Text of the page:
Short children have higher risk of having strokes

Short children have higher risk of having a cerebrovascular accident
Children who were two to three inches shorter than average were at risk of clot-related strokes as adult men and women

New Danish research has found a link between shorter children and an increased risk of having a cerebrovascular accident later in adult life.

The study analysed data on over 300,000 Danish schoolchildren born between 1930-1989 who were examined at the ages of seven, ten and 13 years, with the aim of understanding having a cerebrovascular accident (stroke) in later life.

Researchers noted that those boys and girls who were two to three inches shorter than average were at risk of clot-related strokes as adult men and women, as well as bleeding stroke in men.

What are other contributing factors?

Adulthood height is genetically determined; however, other contributing factors include maternal diet during pregnancy, childhood diet, infection, and psychological stress. All of these are thought to affect the risk of stroke.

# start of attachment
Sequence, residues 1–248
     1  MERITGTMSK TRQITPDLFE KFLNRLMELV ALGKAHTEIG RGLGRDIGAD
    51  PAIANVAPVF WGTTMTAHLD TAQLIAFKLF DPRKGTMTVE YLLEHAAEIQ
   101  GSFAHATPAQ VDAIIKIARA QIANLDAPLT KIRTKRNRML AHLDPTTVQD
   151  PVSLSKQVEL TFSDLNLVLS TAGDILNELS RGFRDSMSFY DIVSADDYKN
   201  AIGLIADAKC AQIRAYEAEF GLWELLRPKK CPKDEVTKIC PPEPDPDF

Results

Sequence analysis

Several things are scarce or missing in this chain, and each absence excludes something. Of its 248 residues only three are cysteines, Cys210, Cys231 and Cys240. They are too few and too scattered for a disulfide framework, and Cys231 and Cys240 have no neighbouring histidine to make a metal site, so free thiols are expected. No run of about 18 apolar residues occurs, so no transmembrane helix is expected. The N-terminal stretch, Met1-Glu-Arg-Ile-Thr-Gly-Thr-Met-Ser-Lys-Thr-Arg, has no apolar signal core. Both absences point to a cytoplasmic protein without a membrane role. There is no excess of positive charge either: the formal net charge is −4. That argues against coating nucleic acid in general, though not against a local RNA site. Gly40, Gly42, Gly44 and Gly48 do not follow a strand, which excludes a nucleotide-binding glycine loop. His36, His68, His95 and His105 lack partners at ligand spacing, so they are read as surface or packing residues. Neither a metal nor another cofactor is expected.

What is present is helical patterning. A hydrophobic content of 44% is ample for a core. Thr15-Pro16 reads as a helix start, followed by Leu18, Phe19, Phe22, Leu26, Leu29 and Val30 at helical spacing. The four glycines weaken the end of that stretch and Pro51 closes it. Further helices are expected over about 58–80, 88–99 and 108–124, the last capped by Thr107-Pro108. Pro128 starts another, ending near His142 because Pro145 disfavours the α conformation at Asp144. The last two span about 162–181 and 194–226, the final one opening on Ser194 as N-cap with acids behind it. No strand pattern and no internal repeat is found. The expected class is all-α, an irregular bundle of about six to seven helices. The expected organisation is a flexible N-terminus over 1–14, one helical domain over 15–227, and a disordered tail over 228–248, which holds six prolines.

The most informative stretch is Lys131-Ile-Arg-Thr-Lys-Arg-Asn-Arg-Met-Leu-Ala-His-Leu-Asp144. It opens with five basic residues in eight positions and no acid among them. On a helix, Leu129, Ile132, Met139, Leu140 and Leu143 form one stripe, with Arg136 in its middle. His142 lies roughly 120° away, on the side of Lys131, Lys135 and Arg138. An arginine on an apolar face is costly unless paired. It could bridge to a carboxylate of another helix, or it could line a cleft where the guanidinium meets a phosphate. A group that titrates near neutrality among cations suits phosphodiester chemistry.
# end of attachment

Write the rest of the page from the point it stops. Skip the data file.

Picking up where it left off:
It was also noted that a decline in stroke incidence and mortality rates in most of the high-income countries, predominantly in women, occurred simultaneously with a general increase in attained adult height.

What’s next for the research?

According to researchers, these results have implications for the understanding of disease origin rather than for clinical risk prediction, and future studies should focus on the mechanisms underlying the relationship between childhood height and later stroke.

Jennifer L Baker, PhD, senior study author and associate professor in the Center for Clinical Research and Prevention at Bispebjerg and Frederiksberg Hospital at the University of Copenhagen, Denmark, said: “Our study suggests that short height in children is a possible marker of stroke risk and suggests these children should pay extra attention to changing or treating modifiable risk factors for stroke throughout life to reduce the chances of having this disease.”

It was recently reported by Public Health England that the average age for having a stroke in England has reduced in male and females, with 38% of first time strokes taking place in middle-aged adults aged between 40-69 years.

The study was published in an American Heart Association journal Stroke.

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